Japanese games are different. And if nothing else, this hackâ€™nâ€™slash roleplaying epic is a different kind of game. Set in a kind of agrarian future, where magic and evil Shades run rife, devoted father NIER must wage a battle over a number of years to save his daughter, and his world, from the deadly Black Scrawl virus.
Absolutely packed with ideas, both good and bad, the game is essentially a mess of strange but entertaining characters, interesting plot twists, convoluted gameplay and poor graphics. However, there are enough good things about NIER to make it immensely enjoyable, often because of its flaws as much as despite them.
If youâ€™re trying to get your head around that last sentence, Iâ€™ll try to explain. A few hours into the game youâ€™ll find yourself in a little village talking to the local leader. After a short while chatting youâ€™ll realise that youâ€™re reading a screen full of text in which your companion, a book called Weiss, is arguing with the descriptive passages of the text about whether heâ€™s doing what it says heâ€™s doing. Itâ€™s all very weird, and kind of cool because of how out of place it all seems. But, as it drags on through page after page of pointless text, the cleverness and humour runs out and it pretty much becomes boring and annoying. Itâ€™s a shame because NIER is a pretty good action roleplaying game, and you often wish that developers Cavia had just left it at that.
The core gameplay in NIER involves swinging your sword, or spear, by pressing the triangle and square buttons. Basically, itâ€™s a button masher with spells. As well as mashing you can also map spells and defensive moves onto your front triggers. Throughout the game you learn more spells and while some of them are more useful than others, they are all fairly small and low-key. In fact, the biggest disappointment about the game is how small, low-key and basically poor it is graphically.
To be fair, some of the cut scenes, and most of the boss fights, are big, dramatic set pieces. But, the game has a washed out and decidedly flat look. Although this may be a choice (the tone of the game may purposely echo Shadow of the Colossus) at times it looks like no effort has been put into the graphics at all.
Despite the graphics being very poor, both the characters and the story are very original. Basically you take the part of the rather old and unpleasant looking NIER. In your quest to save your daughter you are accompanied by Grimoire Weiss, a magical book that floats around being sarcastic, Emile, a blind boy with a sad history and the power of stone gaze, and Kaine, a sword wielding blonde who is not only possessed by a Shade, but lives her life wearing a sheer and very short negligee. All the characters have surprises in their pasts and go through some interesting changes, adding to the storyâ€™s emotional depth. The music is also a standout - moody and melancholy, the score weaves its way through the locations adding greatly to the gameâ€™s impact. However, even though the story has an epic feel, the gameplay at times is less then epic.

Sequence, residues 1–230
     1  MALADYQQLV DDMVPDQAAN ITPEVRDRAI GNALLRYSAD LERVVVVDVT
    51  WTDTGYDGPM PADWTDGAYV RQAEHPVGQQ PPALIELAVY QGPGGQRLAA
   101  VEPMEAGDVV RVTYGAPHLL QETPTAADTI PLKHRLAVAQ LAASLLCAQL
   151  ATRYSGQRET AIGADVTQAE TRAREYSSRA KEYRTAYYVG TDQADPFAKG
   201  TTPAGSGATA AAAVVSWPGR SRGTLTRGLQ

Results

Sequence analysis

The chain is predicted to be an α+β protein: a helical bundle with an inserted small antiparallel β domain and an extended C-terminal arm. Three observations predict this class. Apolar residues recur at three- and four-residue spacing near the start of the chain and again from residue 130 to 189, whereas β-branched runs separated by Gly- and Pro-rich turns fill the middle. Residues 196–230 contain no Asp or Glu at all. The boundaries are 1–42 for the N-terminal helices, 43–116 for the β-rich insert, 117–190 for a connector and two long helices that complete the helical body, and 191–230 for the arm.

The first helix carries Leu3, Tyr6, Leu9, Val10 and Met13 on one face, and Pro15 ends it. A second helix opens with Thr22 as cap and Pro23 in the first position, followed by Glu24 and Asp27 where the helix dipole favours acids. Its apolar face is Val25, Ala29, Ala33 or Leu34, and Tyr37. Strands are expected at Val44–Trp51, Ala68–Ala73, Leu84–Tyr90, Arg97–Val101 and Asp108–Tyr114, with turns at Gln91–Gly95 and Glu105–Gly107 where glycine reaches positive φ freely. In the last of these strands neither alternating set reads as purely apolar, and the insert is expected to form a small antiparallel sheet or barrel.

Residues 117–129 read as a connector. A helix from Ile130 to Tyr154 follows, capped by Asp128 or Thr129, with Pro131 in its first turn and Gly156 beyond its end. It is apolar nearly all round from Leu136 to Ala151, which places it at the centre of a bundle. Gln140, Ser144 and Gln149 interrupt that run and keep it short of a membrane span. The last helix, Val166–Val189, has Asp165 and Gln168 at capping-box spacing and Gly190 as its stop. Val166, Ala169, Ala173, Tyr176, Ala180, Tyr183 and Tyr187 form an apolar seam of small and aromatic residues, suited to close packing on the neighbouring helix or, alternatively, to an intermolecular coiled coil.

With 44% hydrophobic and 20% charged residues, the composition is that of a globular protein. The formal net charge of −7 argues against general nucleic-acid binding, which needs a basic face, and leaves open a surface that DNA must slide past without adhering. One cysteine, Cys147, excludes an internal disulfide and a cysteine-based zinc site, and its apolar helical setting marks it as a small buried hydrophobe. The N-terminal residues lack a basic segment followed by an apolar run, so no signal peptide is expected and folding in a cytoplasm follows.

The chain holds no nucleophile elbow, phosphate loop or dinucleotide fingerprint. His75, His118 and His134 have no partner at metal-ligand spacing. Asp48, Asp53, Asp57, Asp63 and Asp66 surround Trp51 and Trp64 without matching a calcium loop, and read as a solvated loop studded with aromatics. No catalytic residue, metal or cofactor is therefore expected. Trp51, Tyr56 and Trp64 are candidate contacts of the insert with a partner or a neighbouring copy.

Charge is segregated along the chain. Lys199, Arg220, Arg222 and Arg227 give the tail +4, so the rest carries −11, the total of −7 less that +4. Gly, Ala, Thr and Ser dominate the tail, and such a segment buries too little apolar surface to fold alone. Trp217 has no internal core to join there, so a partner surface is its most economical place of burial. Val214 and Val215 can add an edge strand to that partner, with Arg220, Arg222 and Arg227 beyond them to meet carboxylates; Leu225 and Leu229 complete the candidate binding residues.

While Iâ€™ve mentioned that the core gameplay in NIER is basically a hackâ€™nâ€™slash JRPG, there are also some rather strange dips into some retro gaming waters. Along with the pages of text there are actual text based adventures complete with â€śGo Westâ€ť or â€śGo Southâ€ť and â€śYou are now in a room withâ€¦â€ť sections. I got caught in one a had to quit out of there quickly before I started drawing flow-diagrams in the back of my instruction book. There were also unavoidable sections where you have to skip across boxes in typical side scrolling platform style. Add to this underground levels played in Baldurâ€™s Gateâ€™s isometric view and even parts were the view is completely top down like youâ€™re back in the original Diablo. Unfortunately, the idea of putting all these camera shifts and changes of POV into the game is far more entertaining then having to play through them.
That's not to say that NIER isnâ€™t entertaining, because it is. Thatâ€™s whatâ€™s unfortunate about it. Get rid of all the annoying parts and itâ€™s a wonderfully entertaining game. There are a lot of side missions to keep you busy, although they do consist of a lot of running from desert, to seafront town, to mist shrouded towers, to underground complexes. Often these missions will require different food so you will be doing a spot of fishing and gardening as well as killing a lot of innocent sheep, goats and deer - always plenty of fun. You also get to kill a lot of little Shades (little black and yellow squiggles) and a fair amount of very big Shades (big black and yellow squiggles - sometimes with armour) with a nice range of upgradeable swords and spears.
In the end, all the good things about the game canâ€™t make up completely for the bad. Compared with other high profile RPGs and Square Enixâ€™s own recent big budget release, the inventiveness of NIER is well ahead. However, the graphics and the bad choices keep it well out of their league. But if you think being interesting is more important than being good looking, then NIER may just be the game for you.